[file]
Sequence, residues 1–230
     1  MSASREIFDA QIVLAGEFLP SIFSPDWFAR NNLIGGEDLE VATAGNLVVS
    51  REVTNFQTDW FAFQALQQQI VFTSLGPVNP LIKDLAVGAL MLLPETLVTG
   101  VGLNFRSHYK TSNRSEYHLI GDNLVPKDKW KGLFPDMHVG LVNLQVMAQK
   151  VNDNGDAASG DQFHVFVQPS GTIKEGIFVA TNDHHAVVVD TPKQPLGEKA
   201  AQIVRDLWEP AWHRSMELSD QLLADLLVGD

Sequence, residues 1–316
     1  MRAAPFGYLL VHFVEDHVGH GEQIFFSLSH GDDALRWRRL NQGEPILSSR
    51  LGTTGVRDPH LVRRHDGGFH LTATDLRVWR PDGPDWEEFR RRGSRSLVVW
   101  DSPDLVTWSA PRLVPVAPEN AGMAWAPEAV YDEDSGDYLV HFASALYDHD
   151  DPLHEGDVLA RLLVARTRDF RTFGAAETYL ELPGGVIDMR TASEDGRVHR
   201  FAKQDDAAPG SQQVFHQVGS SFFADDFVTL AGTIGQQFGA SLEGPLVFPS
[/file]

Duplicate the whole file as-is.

Sequence, residues 1–230
     1  MSASREIFDA QIVLAGEFLP SIFSPDWFAR NNLIGGEDLE VATAGNLVVS
    51  REVTNFQTDW FAFQALQQQI VFTSLGPVNP LIKDLAVGAL MLLPETLVTG
   101  VGLNFRSHYK TSNRSEYHLI GDNLVPKDKW KGLFPDMHVG LVNLQVMAQK
   151  VNDNGDAASG DQFHVFVQPS GTIKEGIFVA TNDHHAVVVD TPKQPLGEKA
   201  AQIVRDLWEP AWHRSMELSD QLLADLLVGD

Sequence, residues 1–316
     1  MRAAPFGYLL VHFVEDHVGH GEQIFFSLSH GDDALRWRRL NQGEPILSSR
    51  LGTTGVRDPH LVRRHDGGFH LTATDLRVWR PDGPDWEEFR RRGSRSLVVW
   101  DSPDLVTWSA PRLVPVAPEN AGMAWAPEAV YDEDSGDYLV HFASALYDHD
   151  DPLHEGDVLA RLLVARTRDF RTFGAAETYL ELPGGVIDMR TASEDGRVHR
   201  FAKQDDAAPG SQQVFHQVGS SFFADDFVTL AGTIGQQFGA SLEGPLVFPS